So You Want to be a PWP?

This week Sam Torney, a Lead PWP from an IAPT service in the West Midlands, describes Trainee PWP recruitment from the service side. We’d like to extend our encouragement and support to everyone who is applying, and hope this post helps you to understand the process.

Update: Sam has collaborated on another post that we hope you will read alongside this one. Stepping Stones: The Teenage Years of the PWP World has a closer look at why people want to be a PWP, and how to do that well. Thanks for reading!

I love being a PWP.  I, like a lot of people applying to train, took a few applications to secure a position, but it was worth it.  My job is fast paced, energetic, and I have the pleasure of working with colleagues as enthusiastic about it as me.  It’s also hard work, occasionally frustrating, and often exhausting.  But despite that, I love the art to be found in taking a few simple techniques, and turning them into an individualised path for someone else to walk. 

Mostly, I get to work with people, and all the highs and lows that come with that. In a very short space of time, I get to build a rapport, gently encourage hope, and have a front-row seat to watch someone change their life. It’s a challenging and brilliant job: no wonder so many people want to do it. 

when you’re applying for a job, you should explain why you want to do that job, not a different one

This year in my service, we had over 250 applications for our 4 advertised PWP trainee positions.  We kept the job application open for just over 4 days before realising we were already completely overwhelmed.  When we sifted through them, most of those applicants would have been people we would have considered interviewing.  You can imagine then, how hard it is to stand out from the crowd.  I’m hoping, with help from others, to give some tips on what makes a really great application/interview, what we’re looking for, and what not to do. 

Apply to be a trainee PWP.

I know that sounds obvious, but you wouldn’t believe how many people miss this one.  It is perfectly okay to have career aspirations beyond Step 2!   Not everyone wants to do the same job for the rest of their lives (although if you do, great!) Plenty of new things to learn in an ever-developing role, and the more people that fight for opportunities, the more there’ll be).  But generally when you’re applying for a job, you should explain why you want to do that job, not a different one.  If your personal statement starts with “I want to be a PWP because it will help me with my long-term goal of becoming a Clinical Psychologist/Hi-Intensity CBT Therapist” (No, seriously.  That happens.) you’ve probably already lost us. 

It’s worth remembering that these placements are paid ones, and they are so for a reason: to increase the amount of PWPs working within the NHS.  That leads to a reluctance to employ people who intend to leave the role without doing the two years of experience as a qualified practitioner that is recommended.  I really would strongly encourage everyone to complete those two years – you gain a lot of skills and experience, and you pay back into a system that has supported you to develop, with the assumption you will use that to help the public.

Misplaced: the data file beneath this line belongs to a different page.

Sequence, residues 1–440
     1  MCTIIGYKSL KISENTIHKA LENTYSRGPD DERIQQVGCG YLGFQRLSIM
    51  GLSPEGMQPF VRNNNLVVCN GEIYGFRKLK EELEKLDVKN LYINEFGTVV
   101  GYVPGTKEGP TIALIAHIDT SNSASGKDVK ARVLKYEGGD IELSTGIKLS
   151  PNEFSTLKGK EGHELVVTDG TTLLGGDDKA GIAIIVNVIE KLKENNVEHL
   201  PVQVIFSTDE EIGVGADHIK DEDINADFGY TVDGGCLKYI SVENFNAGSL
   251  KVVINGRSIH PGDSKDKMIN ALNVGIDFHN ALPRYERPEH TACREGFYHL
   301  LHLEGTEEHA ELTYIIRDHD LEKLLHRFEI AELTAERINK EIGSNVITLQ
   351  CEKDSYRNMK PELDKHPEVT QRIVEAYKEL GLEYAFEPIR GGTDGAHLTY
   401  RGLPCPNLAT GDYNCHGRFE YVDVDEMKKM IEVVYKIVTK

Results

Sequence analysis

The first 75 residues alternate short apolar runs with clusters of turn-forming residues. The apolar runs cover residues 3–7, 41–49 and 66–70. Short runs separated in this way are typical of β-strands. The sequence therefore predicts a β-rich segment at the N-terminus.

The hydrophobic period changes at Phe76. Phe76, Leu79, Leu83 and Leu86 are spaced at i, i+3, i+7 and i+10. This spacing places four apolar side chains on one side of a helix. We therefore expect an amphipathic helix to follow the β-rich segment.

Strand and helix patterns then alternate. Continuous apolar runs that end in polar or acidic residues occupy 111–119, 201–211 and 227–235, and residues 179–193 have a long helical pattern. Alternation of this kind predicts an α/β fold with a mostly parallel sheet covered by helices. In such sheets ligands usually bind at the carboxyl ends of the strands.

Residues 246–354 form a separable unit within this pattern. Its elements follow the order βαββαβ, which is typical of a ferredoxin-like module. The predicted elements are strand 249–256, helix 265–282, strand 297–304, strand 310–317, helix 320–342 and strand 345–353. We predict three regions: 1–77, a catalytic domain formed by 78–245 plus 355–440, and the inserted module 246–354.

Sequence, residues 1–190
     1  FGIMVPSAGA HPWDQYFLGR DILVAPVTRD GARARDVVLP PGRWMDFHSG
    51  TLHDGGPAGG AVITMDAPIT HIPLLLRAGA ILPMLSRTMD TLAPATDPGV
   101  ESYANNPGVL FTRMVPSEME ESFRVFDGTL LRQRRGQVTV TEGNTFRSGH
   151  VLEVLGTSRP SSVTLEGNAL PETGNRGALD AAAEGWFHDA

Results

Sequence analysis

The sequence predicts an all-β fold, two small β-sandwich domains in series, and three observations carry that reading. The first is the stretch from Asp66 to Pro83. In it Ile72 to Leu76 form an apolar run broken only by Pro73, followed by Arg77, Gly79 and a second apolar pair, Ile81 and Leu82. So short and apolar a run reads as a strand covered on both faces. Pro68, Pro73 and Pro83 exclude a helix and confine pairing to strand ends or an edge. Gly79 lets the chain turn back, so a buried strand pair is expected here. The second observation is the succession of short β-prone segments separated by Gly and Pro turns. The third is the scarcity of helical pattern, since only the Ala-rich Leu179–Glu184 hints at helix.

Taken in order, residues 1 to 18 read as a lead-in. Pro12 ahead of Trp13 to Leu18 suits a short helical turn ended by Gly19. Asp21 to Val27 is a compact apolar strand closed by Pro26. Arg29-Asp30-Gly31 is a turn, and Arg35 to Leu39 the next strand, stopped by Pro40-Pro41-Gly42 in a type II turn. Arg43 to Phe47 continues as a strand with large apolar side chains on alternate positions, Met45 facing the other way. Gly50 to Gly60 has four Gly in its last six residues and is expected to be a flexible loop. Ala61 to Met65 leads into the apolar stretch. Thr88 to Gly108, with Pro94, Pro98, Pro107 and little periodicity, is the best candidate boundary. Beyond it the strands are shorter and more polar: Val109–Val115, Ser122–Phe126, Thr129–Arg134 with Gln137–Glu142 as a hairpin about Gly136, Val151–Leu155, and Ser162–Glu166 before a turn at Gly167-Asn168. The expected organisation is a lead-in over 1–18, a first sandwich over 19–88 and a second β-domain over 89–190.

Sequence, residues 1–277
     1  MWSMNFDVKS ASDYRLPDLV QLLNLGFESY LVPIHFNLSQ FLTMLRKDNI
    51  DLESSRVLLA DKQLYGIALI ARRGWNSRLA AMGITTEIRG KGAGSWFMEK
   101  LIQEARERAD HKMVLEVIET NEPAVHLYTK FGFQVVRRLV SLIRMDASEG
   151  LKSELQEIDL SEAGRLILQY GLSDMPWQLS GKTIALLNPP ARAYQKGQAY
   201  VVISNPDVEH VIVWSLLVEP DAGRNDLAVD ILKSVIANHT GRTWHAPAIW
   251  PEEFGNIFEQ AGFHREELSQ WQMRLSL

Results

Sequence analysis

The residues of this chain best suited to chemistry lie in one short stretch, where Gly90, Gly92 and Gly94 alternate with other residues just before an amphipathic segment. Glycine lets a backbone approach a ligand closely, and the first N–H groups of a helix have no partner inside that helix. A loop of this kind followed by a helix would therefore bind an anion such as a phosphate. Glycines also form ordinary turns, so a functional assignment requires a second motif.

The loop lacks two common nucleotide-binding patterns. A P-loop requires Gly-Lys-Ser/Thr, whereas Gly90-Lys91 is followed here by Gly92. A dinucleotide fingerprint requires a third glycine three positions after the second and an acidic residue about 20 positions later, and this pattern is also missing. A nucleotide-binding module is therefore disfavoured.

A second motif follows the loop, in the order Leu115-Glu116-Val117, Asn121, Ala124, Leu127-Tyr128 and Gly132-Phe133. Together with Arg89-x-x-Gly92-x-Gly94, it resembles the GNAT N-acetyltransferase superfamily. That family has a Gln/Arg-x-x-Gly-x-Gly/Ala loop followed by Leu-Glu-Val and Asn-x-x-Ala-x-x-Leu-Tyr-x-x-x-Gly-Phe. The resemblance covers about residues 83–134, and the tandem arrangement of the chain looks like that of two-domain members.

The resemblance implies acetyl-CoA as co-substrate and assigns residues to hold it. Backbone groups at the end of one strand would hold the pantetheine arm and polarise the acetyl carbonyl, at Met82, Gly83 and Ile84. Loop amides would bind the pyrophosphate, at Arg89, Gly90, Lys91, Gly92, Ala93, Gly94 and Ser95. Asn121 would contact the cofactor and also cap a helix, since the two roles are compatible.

I’ve had numerous colleagues who have moved on from PWP work and developed into other areas, and I genuinely think they’re all fantastic.  My Service Lead fondly says that the HITs in my team that have developed from Step 2 remain PWPs at heart.  That’s because they learn skills unique to the role and use them to their (and their patients’) benefit further along the system.  To do that, to learn those lifelong skills, you have to take the role seriously and appreciate it for what it is.  Which leads me to my next point…

Know what you’re getting into

Do you feel like you fully know what a PWP is?  What low-intensity CBT means?  Because I can promise you immediately: there is nothing in it that lacks intensity in any way!  If you read the previous point and had no idea what I meant when I said “Step 2”, you probably don’t know enough for your interview.  The IAPT Manual is THE guidebook as to how all of this is supposed to work. As lengthy as it is, I would fully recommend reading it to get an idea of what is going to be expected of you.  The best candidates have done their homework and can talk about why IAPT is here and where it is going.  I also really encourage you to do a full reading of the other posts on this blog to help you go in fully informed.  I love my job, I’ll defend it to anyone, but it’s not easy money and it’s worth heading in with your eyes wide open.

A Psychology degree isn’t the be all and end all.

I may be a bit biased here, because I don’t have a degree in Psychology myself.  I would say roughly 80% of our applicants do, and I believe the universities do tend to look favourably on it, as it’s a good indicator of someone able to do the work and pass the course.  It’s certainly not a bad thing!  But as long as you can prove you can work at degree level, I wouldn’t worry about not having the in-depth psychology knowledge that a lot of people do.  It’s more important to show a genuine love of learning, especially as it relates to the field.  The beauty and nightmare of IAPT is it is still hugely in development and ever changing.  A willingness and excitement to keep up with that is what we look for in my team, rather than a qualification within itself.